It is no secret Jason Garrett is on the final year of his contract, and the Dallas Cowboys could be looking for their ninth head coach in franchise history if the 2019 season doesn't have a storybook ending.
Owner Jerry Jones got a good look at two prospective candidates in the college ranks on Dec. 7 in the Big 12 Championship game held at AT&T Stadium. Lincoln Riley's Oklahoma Sooners outlasted Matt Rhule's Baylor Bears 30-23 in overtime, but the two coaches showcased their talents of what they could bring to the pro level.
For Riley, his ability to get MVP caliber performances out of his quarterbacks is intriguing as Baker Mayfield and Kyler Murray both won the Heisman Trophy in his first two seasons at Oklahoma. For Rhule, the ability to instill a winning culture and get a rudderless ship back on course, as he did with Baylor leading them out of the sexual assault scandals from 2015, has been compelling to NFL front offices for the past 12 months.
"Those are two outstanding coaches at the stadium this weekend," Jones said on "The K&C Masterpiece" on 105.3 "The Fan" Friday. "That's just that. They've done great jobs. They've positioned their teams. They're sound in the way they're approaching their games. So, that was a great chance to see a couple of great coaches out there."
However, just because Jones was complimentary of Riley and Rhule doesn't mean that they have the inside track on succeeding Garrett, nor does any coach from the college ranks for that matter.
"College coaches have the lowest, at head coach coming directly into head coach, have the lowest percentage rate of success as opposed to coming from coordinator as opposed to coming from the NFL or as opposed to coming from a head coaching job in the NFL. College football has the lowest rate of success. " said Jones.
According to Jones, the big adjustment that college coaches have to make when transitioning to the pro level is evaluating the talent. As Sunday is considered the biggest work week for a college coach, they don't have the time to keep up with the NFL.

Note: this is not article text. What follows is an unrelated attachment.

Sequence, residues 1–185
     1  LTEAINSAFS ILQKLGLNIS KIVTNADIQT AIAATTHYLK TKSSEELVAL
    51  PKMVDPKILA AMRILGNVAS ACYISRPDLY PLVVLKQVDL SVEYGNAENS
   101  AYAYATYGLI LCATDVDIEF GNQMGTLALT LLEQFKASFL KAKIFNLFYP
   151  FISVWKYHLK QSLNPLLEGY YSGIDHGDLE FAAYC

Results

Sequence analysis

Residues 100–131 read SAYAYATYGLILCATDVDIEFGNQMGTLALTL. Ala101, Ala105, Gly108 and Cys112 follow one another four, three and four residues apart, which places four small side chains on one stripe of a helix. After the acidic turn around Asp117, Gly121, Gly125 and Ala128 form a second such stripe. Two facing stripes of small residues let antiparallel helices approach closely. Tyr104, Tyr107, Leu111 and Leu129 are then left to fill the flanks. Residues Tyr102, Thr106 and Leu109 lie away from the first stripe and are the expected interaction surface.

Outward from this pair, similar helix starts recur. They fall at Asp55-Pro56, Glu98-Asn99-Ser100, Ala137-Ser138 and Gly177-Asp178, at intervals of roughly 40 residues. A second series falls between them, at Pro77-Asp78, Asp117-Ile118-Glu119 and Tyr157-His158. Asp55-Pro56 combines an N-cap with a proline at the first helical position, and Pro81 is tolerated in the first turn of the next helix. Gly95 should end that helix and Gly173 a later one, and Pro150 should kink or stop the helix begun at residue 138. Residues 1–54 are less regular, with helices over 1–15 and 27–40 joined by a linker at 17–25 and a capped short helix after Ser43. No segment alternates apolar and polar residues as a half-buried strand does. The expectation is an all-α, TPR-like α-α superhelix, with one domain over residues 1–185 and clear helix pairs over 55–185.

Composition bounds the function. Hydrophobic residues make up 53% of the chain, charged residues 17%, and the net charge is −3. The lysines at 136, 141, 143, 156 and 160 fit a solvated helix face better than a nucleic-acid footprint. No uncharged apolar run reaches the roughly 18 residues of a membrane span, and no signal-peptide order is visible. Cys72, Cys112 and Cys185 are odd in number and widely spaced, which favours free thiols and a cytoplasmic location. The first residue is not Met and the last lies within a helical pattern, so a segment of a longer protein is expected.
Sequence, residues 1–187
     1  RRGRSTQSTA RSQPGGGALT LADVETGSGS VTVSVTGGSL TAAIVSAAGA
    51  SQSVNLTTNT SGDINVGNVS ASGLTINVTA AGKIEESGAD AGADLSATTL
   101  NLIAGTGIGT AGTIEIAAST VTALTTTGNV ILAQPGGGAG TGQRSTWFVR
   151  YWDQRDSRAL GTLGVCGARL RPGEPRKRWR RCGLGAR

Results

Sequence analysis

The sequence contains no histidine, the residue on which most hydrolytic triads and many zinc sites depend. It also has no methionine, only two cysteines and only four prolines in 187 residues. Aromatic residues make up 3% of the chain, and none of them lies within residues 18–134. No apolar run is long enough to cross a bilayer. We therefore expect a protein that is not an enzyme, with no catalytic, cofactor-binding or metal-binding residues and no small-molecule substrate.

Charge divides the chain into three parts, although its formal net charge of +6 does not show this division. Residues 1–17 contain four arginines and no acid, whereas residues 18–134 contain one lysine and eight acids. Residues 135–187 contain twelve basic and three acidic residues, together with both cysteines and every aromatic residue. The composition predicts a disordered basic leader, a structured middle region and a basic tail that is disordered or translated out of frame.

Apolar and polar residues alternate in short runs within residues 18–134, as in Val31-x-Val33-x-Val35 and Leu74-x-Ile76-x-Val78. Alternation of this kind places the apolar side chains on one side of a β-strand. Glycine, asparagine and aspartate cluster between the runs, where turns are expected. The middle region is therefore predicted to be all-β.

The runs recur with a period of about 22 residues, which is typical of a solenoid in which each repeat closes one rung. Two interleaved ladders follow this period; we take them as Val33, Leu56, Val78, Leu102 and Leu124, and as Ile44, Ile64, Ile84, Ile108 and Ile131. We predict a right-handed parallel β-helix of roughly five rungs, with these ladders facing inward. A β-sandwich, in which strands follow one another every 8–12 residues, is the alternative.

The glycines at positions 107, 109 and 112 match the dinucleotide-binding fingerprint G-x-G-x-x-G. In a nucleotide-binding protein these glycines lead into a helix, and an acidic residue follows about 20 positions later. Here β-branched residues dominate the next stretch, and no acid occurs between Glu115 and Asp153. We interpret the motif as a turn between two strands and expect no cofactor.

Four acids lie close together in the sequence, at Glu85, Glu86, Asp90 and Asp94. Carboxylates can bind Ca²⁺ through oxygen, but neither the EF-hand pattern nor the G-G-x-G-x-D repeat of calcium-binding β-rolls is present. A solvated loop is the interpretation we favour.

Said Jones: "In many cases they're not familiar with the personnel. Now, that's a big deal because there are coaches that understand almost the practice habit of opposing teams. And then it's particularly understanding of any input that you want from them regarding personnel. So, you pay a price for somebody to get up to date that haven't spent the prior months or years in the NFL."
The Cowboys paid the price in 1989 when they hired Jimmy Johnson straight from the University of Miami. Dallas went 1-15 on the season, their worst finish since their 0-11-1 record from 1960, their inaugural year.
However, the gains from paying such a price were abundant as the Cowboys won consecutive Super Bowls at the end of the 1992 and 1993 seasons. Johnson's foundation laid in Dallas also setup his successor, Barry Switzer, who had been out of football since his last coaching gig at Oklahoma in 1988, for a Super Bowl caliber roster.
When the Cowboys prevailed 27-17 over the Pittsburgh Steelers in Super Bowl XXX at the end of the 1995 season, Switzer joined Johnson as the only coaches who had won a national championship and a Super Bowl. They were later joined by Pete Carroll, who led the USC Trojans to a BCS National Championship in 2004 and the Seattle Seahawks to a Super Bowl victory following the 2013 season.
Jones could also be bluffing so as to keep the organization's intentions close to the vest. Nonetheless, whether from the college ranks or from the pros, the next Cowboys head coach will have to shoulder the burden of leading the team to their first conference championship game since 1995.
Do you think the Cowboys would be better served with a coach in the professional ranks or should they keep their options open with college coaches? Share your thoughts with Mark on Twitter @therealmarklane.